CIVIC CENTER — The city's Human Resources Administration failed to properly monitor vendors who provide housing for people with HIV/AIDS — leaving it to pay $31,000 for rent charges for nearly two dozen clients who had died, according to an audit from Comptroller Scott Stringer.
The audit of HIV/AIDS Services Administration, also known as HASA, comes as the city and state prepares to pump hundreds of millions of dollars into a plan to end HIV/AIDS by 2020. Mayor Bill de Blasio announced on World AIDS Day a plan to expand HASA to 7,300 additional New Yorkers by 2020.
Stringer's audit found that HRA, which oversaw 93 vendors that provided more than 7,000 housing units, didn't know how many units they actually had.
For example, HRA noted inspecting a total of 102 units for one vendor that only provided 75 units.
Just over half of units in a sample group were inspected annually, as required. Vendors were also allowed to skirt basic provisions of their contracts such as providing security, having substance abuse counselors on site and providing staff with first aid training.
"For years advocates have fought to ensure that New Yorkers with HIV and AIDS get the support, services and housing that they desperately need. What we found is a system that wasn't being effectively managed from top to bottom which created a very real opportunity for New Yorkers to be put at risk," Stringer said.
"HRA had no know way to know if services were being delivered to the right people at the right time," he added.
HRA Commissioner Steven Banks appeared with Stringer at the press conference announcing the audit's findings. Banks has been in the news lately as de Blasio has appointed him to lead a 90-day review of how the city delivers services to the homeless.
Stringer praised Banks' efforts to reform the agency.
"Many of the reforms being implemented today are what we recommended and some go beyond the scope of our audit recommendations," Stringer said. "This is how government is supposed to work."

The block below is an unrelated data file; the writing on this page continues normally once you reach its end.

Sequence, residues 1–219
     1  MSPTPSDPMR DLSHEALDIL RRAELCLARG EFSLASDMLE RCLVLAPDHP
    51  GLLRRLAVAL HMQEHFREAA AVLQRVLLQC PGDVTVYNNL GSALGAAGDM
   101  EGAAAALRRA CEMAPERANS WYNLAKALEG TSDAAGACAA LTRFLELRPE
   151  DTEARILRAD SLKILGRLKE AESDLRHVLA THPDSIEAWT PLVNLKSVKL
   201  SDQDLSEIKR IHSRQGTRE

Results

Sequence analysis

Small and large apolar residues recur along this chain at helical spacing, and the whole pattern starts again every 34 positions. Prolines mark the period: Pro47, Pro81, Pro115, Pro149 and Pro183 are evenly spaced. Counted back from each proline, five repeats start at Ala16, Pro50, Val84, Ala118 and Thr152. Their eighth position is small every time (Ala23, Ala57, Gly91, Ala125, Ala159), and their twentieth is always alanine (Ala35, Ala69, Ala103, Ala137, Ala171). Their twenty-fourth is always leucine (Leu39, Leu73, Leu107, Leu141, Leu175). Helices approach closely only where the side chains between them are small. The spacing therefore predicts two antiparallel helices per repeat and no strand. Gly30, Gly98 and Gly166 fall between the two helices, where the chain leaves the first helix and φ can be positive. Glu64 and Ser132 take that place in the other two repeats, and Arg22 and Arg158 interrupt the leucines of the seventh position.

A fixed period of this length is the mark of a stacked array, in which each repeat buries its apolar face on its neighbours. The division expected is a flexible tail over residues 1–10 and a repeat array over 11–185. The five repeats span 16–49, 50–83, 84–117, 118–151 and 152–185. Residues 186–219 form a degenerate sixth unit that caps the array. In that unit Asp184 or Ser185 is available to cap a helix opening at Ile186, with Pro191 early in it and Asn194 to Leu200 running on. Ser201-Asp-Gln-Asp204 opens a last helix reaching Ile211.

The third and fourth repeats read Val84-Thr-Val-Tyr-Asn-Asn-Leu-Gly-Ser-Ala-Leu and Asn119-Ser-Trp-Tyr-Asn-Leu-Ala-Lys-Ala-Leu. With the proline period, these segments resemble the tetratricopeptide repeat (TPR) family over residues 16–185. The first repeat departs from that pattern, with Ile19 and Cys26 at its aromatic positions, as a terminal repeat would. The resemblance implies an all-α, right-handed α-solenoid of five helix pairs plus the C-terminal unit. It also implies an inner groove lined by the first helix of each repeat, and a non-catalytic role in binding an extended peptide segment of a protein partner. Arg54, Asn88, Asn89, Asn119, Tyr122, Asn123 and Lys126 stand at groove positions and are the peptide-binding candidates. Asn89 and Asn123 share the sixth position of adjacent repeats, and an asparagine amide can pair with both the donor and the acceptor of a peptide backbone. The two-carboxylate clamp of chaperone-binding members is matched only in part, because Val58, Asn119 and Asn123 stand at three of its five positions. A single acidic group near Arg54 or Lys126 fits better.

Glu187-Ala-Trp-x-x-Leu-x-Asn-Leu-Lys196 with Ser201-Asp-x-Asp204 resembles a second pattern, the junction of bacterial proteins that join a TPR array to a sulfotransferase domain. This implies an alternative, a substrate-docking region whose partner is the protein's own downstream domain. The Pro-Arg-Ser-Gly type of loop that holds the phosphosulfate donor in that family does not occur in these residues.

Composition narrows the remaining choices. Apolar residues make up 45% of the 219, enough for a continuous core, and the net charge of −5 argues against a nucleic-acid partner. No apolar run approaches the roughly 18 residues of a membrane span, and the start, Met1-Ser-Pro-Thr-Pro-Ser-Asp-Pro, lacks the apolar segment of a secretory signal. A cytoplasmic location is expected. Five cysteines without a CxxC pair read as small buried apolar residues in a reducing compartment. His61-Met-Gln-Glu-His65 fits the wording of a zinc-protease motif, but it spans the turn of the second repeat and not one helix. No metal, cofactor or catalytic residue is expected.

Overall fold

Banks acknowledged the problems his agency has had with managing the HASA program.
"When I came to HRA in April 2014, I knew, having sued the agency for 30 years, that there was a need for reforms in many areas of the agency," said Banks who previously headed the Legal Aid Society.
While Banks placed most of the blame for the problems on the previous administration, the audit covers the period from July 1, 2012 through April 16, 2014. De Blasio took office in January 2014.
Banks said that he found uncompleted HASA audits from 2013 when he took over the agency. Those audits have now been completed. HRA has also create a special unit to handle contract management to make sure its vendors are in compliance.
"I...take responsibility for the fact that in some cases we can't move fast enough to outrun problems that we inherited," Banks said. "I think there's an understanding that to make these kind of substantial changes, they don't happen overnight."
Banks said the money was paid for dead clients' rent because there were problems in getting access to units of the deceased and that the agency wanted to "act in a sensitive way."
HRA has been able to get $8,600 returned, he said.
A new policy has been put in place to deal with the death of clients and Banks said the reforms recommended by Stringer and his agency will be in place before the expansion of HASA services takes effect.
"He inherited one of the largest bureaucracies in the city and he has implemented a reform agenda," Stringer said. "The fact that he stands here today signals his ownership and his expertise in running this agency."